With the impending election season on the horizon, the issue of public lands and whether or not they should remain public has become an often debated topic of recent. In light of the recent commotion, the Rocky Mountain Elk Foundation went on record, firmly stating their opposition to the transfer of public lands to state entities.
Below is the policy statement and explanation from the historic conservation group, which we support 100%:
In light of recent legislative efforts seeking the sale or transfer of federal lands to state ownership, the Rocky Mountain Elk Foundation strongly maintains its opposition to such proposals.
“Nearly one-third of our nation’s land is in public ownership and that includes the majority of key elk habitat,” said David Allen, RMEF president and CEO. “Transferring or selling these lands to states will do nothing to solve federal land management issues. It may also close the door to public access for hunters, anglers, hikers and others. We all want better public lands but this concept is not the answer. We take this issue very serious.”
RMEF Land Transfer Official Position
The Rocky Mountain Elk Foundation remains opposed to the wholesale disposal, sale or transfer of federal land holdings. Federal public lands comprise vital habitat for elk and other wildlife species. They are where we hunt, fish, camp, hike, ride and recreate. Transferring ownership of federal lands to states is not a solution to federal land management issues; it is a shell game to avoid the heavy lifting of establishing proactive land management policies in the US.
What is the core issue motivating the transfer of these lands?
Lack of Active Management. People are frustrated with public land management for a variety of reasons, including: catastrophic wildfires, diminished access for recreation and sustainable resource development, incoherent game management policies that favor individual species over balanced wildlife conservation, endless litigation preventing active land management, executive orders creating national monuments and more.
What prevents active management of these lands?
Lawsuits – This is the era void of adult conversations taking place, avoiding any balanced remedies achieved. There are others who subscribe to “keep land management issues tied up in litigation” while the clock runs out; no matter what, do not negotiate, compromise or work together and nothing changes. Sadly, this is the era of political posturing using our natural resources as pawns; meanwhile the greater American outdoors is losing and so is the public. An overreaching use of environmental agendas exists to eliminate any consideration of multiple use in many public forests and the health of those national forests is suffering as a result.
Lack of Resolve – Some within public land management fundamentally oppose active management of forest and range resources in favor of “preserving landscapes.” RMEF believes certain landscapes must be conserved and managed to develop the types of diverse ecosystems elk and other wildlife need to thrive. Man inhabits the landscape thus we have an obligation to steward and manage our natural resources. Additionally, there is a diverse public who wish to recreate in the outdoors yet many are being restricted or limited today by special interests and agendas that strive to either substantially diminish use of our public lands or eliminate it all together.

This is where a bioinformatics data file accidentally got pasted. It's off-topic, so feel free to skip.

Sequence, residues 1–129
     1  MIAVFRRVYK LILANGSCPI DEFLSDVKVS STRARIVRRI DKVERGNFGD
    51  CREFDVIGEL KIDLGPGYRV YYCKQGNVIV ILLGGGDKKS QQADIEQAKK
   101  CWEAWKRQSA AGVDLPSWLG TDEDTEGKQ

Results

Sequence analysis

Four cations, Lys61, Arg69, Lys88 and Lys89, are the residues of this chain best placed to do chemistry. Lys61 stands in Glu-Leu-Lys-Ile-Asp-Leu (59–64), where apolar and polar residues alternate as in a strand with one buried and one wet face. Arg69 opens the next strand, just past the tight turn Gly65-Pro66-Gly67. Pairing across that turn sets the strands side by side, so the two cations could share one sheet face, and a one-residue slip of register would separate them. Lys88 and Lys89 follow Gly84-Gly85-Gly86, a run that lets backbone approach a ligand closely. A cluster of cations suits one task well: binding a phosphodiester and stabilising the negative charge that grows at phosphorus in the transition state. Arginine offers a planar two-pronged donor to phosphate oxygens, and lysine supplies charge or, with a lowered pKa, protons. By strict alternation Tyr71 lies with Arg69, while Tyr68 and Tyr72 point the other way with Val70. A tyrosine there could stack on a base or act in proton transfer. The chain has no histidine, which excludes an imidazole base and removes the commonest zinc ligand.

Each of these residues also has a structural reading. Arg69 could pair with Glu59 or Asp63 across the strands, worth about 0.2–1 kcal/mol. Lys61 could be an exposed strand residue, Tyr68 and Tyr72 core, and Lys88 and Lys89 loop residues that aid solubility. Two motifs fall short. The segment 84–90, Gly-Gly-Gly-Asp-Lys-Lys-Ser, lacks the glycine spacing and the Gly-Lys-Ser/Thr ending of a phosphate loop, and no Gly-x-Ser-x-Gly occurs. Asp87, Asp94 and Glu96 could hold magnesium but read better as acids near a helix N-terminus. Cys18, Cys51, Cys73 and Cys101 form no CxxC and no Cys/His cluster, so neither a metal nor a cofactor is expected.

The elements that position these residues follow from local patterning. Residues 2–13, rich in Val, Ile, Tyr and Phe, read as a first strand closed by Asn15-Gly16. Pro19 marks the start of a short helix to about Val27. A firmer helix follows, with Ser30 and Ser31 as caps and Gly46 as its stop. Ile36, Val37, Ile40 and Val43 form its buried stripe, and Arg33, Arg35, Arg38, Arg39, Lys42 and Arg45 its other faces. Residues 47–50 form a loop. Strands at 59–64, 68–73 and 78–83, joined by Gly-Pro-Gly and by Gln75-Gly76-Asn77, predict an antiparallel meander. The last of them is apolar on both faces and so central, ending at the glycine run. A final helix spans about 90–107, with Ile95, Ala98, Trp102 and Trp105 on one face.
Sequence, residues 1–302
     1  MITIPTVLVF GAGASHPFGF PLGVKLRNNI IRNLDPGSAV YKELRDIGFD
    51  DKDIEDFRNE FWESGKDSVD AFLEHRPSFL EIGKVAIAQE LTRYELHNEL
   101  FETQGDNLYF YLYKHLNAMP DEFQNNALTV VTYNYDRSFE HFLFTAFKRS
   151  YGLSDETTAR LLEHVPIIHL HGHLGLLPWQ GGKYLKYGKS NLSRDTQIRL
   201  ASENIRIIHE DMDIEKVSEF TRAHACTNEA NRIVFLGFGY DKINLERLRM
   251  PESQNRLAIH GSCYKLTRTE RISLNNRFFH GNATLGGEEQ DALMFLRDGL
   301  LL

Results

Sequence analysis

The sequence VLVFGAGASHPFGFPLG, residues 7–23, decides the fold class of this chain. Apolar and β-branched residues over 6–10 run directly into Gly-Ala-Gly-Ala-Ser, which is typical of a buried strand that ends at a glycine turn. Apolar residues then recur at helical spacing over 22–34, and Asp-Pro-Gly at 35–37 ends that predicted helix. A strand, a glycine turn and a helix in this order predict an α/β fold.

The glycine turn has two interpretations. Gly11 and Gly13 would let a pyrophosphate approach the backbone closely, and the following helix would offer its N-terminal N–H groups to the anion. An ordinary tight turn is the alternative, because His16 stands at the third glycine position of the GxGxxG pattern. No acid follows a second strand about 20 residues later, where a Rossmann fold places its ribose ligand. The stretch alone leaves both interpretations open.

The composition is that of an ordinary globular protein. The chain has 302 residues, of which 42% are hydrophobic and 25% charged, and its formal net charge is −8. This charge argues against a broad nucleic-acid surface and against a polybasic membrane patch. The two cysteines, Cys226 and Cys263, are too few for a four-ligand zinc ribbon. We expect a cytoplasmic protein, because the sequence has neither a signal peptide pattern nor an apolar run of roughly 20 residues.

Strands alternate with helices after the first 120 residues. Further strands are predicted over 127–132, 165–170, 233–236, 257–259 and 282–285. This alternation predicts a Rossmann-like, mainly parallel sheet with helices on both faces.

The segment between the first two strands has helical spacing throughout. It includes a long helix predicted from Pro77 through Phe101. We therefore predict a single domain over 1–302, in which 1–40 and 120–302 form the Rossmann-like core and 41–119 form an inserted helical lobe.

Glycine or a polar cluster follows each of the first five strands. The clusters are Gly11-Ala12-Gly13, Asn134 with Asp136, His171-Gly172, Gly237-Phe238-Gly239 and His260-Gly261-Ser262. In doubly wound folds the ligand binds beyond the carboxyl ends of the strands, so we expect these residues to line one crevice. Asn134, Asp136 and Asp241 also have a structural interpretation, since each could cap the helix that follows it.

Why can’t states manage these lands?
States cannot afford to manage federal lands on multiple levels. Land transfer proponents argue states can manage lands at less cost per acre than do their federal counterparts, while at the same time generating revenues for economic development and public schools through a “best use” determination.
Recent studies show states would need to increase timber harvests, mineral and other resource development well beyond sustainable levels to afford the management of these lands. And states would be forced to defend the same frivolous lawsuits the federal government currently faces, not to mention adherence to overreaching uses of the Endangered Species Act and other federal policies are not being discussed.
One question not being addressed at all is what will happen to hunting, fishing, camping, trapping, grazing and other current public land uses in some states should those states assume control over 100 percent of public lands within their borders? The simple answer is those activities will soon cease, causing a cascade of other complications and issues for wildlife and our public lands. The simple truth is groups like the Humane Society of United States (HSUS) and others would relish the idea of exerting political influence and litigation in various states to eliminate many uses of our public lands. This must never happen.
What are the solutions?
First, acknowledging the true problem is a must. We have critical land management issues that require solutions. Second, a commitment to truly resolve these issues must supersede special interests. RMEF believes the solutions lie in addressing obstacles to pro-active land management and providing federal land agencies the leadership, tools and direction to properly manage lands for a variety of environmental, recreational and economic interests.
A true dialogue and course of action to provide real forest management reform and multiple uses of public lands and forests is a must. The shell game of transferring or selling public lands is not a solution. These are public lands, owned by the public and it must remain that way.